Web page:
Western Australian Women at a Glance
This chapter showcases some of the indicators in this report's four focus areas: leadership, economic independence, safety and justice, and health and wellbeing. Some of data is presented in infographics and provides a snapshot of the more detailed data and information in each area.
The proportion of women in the WA public sector's Senior Executive Service (SES) increased from 20.5% in 2003 to 31.7% in 2015.
The proportion of female Directors on ASX 200 boards remained at about 8% from 2002 to 2010. Between 2010 and 2012 it increased to 12%.
Between 2003 and 2015, the representation of women in leadership roles in local government increased, however representation declined with seniority and remains low at senior levels
- Management Tier 1 - 2.8% in 2003 to 12.3% in 2015
- Management Tier 2 - 14.2% in 2003 to 33% in 2015
- Management Tier 3 - 25.7% in 2003 to 42.8% in 2015.
The proportion of female members on all WA Government Boards and Committees was 43.6% in 2015.
The proportion of women in the Western Australian Parliament remained relatively steady in the Legislative Assembly between 1996 and 2013 at about 22% and doubled in the Legislative Council from 20.1% to 41.7%.
In 2012, seven (3.5%) ASX 200 companies had a female Chief Executive Officer (CEO) compared with four (2%) companies in 2002.
Women's labour force participation rate increased from 43% in 1978 to 61% in 2014.
Over the period 1979 to 2014, approximately 40% of women in the workforce worked part-time.
In 2013-14, women's average superannuation balances were 38% less than men's, $83,110 compared with $134,800.
The proportion of females enrolled in vocational education courses in engineering and related technology fields remained steady between 2006 and 2014 at about 8%.
Between 2002 and 2014, women comprised over 55% of university enrolments.
In 2014, the gender pay gap for full time employees in WA was 25.4% compared with 18.5% nationally.
In 2011, women comprised 80% of the employees in the health care and social assistance industry and 72% of the education and training sector.
In 2011, women comprised less than 25% of the workforce in the construction; mining; manufacturing; transport, postal and warehousing; and electricity, gas, water and waste services industries.
Between 2005 and 2014 more than 70% of women used flexible work arrangements to care for children. Over the same period, the percentage of men who used flexible work arrangements to care for children increased from 30.8% to 44.3%.
Safety and justice
In 2014, the proportion of sexual assaults committed against females was 92.2%.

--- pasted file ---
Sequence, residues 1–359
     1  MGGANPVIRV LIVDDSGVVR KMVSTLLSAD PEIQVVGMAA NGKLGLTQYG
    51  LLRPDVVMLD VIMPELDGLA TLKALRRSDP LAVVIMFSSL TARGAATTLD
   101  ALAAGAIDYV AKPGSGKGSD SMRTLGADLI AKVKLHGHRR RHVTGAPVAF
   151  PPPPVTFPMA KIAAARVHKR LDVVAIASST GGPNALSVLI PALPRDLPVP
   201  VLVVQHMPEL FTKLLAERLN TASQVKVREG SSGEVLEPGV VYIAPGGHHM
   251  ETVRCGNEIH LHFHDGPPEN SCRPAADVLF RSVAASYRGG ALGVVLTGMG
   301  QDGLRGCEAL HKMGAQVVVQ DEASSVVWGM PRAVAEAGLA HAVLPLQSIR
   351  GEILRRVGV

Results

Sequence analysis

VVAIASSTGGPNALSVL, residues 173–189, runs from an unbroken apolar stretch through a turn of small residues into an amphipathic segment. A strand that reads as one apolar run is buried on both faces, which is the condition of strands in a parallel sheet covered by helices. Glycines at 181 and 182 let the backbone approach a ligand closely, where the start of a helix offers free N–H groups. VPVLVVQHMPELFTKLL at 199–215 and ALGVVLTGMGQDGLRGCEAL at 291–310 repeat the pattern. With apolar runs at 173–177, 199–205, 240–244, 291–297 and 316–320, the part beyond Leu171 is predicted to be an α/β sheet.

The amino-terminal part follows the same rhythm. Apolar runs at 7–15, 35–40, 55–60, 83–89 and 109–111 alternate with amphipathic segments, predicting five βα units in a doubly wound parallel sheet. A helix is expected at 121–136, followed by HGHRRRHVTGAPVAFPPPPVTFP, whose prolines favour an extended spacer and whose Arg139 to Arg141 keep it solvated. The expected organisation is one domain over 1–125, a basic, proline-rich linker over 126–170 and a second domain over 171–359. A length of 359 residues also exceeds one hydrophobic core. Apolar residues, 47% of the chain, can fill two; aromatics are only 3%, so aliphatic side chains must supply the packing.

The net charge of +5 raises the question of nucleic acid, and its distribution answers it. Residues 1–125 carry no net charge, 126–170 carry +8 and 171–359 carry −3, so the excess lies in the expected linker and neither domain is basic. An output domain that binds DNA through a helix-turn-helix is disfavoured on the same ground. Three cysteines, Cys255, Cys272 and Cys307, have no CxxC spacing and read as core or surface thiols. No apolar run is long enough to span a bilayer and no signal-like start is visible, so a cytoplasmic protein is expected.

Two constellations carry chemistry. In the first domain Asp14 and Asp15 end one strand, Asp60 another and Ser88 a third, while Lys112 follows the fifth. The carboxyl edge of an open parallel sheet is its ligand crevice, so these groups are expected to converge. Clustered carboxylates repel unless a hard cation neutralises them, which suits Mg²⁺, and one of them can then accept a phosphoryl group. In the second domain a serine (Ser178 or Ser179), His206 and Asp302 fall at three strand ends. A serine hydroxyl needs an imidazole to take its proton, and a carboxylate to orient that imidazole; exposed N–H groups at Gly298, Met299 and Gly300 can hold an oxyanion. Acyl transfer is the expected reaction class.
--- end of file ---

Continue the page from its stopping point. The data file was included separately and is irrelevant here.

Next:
In 2013, the proportion of sexual assault cases which resulted in proceedings against an offender was 16.2%.
The rate of female offenders per 100,000 of population decreased steadily from 1085.6 in 2008-09 to 644.6 in 2013-14.
The number of reported incidents of family and domestic violence against a female rose from 3,600 in 2008-09 to 11,374 in 2014-15 and the proportion of female victims remained relatively constant at around 75%.
The number of sexual harassment claims made to the Equal Opportunity Commission by females decreased between 2009-10 and 2014-15, notably from 66 in 2012-13 to 32 in 2014-15.
The proportion of female police officers in the WA Police increased from 15% in 2003 to 22% in 2015.
Health and wellbeing
Dialysis continued to be the leading cause of hospitalisation for women in WA, with the rate per 1,000 women increasing from 40.2 in 2002 to 54.8 in 2014.
The percentage of women in WA receiving treatment for mental health issues rose from 7.8% in 2012 to 10.9% in 2013.
The proportion of WA women participating in cervical cancer screening declined from 64% in 1997-98 to nearly 56% in 2012-13.
The proportion of WA women participating in breast cancer screening increased from 57% to 60% between 2000-01 and 2012-13.
The median age of WA mothers gradually increased from 30.2 years in 2003 to 30.6 years in 2014, and continued to be lower than the national median age of 30.9 years in 2014.
Female life expectancy increased from 81.9 years in 1998 to 84.8 years in 2014.
The prevalence of births by caesarean increased, from 15.6% of all births in 1986 to 33.9% in 2011.
Between 2003 and 2015, over 45% of WA women did not exercise enough.
Heart disease was the leading cause of death among WA women between 2007 and 2014.